Walmart has a new business model in mind. The 180,000-sq.-ft. behemoth-of-a-store model remains alive and well, of course, but the retail giant has begun targeting markets outside its suburban comfort zone. The new platform stores are projected to average 20,000 sq. ft. and will serve either densely populated urban areas where space is at a premium, or smaller, isolated cities.
Bill Simon, head of Walmart U.S., remains secretive about the details of the small-format stores, which will round out the large and medium platforms already in existence. But a word of warning to small ‘conveniencestore- plus’ model retailers: the big W is on its way to the big city, with 20 to 30 small-model stores projected to open in urban areas like Chicago and New York by 2012.
What does that have to do with you? Depending on who and where you are, it could mean a lot or a little. It certainly will mean stiff competition for smaller retailers, and it could mean danger for the private urban corner store. But in a larger sense, it could be read as a bellwether for where retailing in the U.S. is headed, as even the ultimate symbol of expansive shopping is finding ways to shrink.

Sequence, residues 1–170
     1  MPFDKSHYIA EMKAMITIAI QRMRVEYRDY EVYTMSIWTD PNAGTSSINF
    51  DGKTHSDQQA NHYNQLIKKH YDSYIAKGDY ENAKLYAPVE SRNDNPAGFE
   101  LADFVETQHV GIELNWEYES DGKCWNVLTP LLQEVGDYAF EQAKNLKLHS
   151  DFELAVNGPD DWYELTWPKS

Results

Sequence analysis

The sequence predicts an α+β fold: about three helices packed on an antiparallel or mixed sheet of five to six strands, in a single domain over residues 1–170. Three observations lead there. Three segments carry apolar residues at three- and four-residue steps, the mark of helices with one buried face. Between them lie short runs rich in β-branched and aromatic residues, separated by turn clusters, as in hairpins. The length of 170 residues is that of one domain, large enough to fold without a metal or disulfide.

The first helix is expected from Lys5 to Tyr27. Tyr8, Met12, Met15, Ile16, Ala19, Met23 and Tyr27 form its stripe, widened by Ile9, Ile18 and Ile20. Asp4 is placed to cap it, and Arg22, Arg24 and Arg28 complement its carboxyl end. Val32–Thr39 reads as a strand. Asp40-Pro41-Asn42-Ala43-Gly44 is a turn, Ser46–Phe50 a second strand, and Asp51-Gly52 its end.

That’s not to say this is the company’s first foray into the small model–its Neighborhood Markets have been around for more than a decade–but it’s saying something that Walmart is, once again, contorting itself to fit into a smaller space. The buying power and discounting capacity remain, of course; only the footprint changes.
And Walmart is by no means the first in the retail shrink. Tesco’s ballyhooed stateside arrival in the form of its Fresh & Easy stores was a benchmark for the new format. Hy-Vee, Jewel-Osco, Safeway and a host of others launched their own smaller models in 2008. The announcement of Walmart’s plans seems to legitimize the perceived ebb in retail store sizes.
The extent of the new format’s dip into food and foodservice remains unclear. Internet speculation has everyone from dollar stores to smallformat supermarkets as the current markets in Walmart’s crosshairs. The truth is probably somewhere in between. Grocery is an important element of any retailer of such a footprint, particularly in urban settings.
A glance back at the suburbs reminds us that the large-format store isn’t going anywhere–but it will be interesting to watch as formats shrink, SKU lists specialize and the small format evolves. The streamlined, hypertargeted opening salvos are marking a change in retail.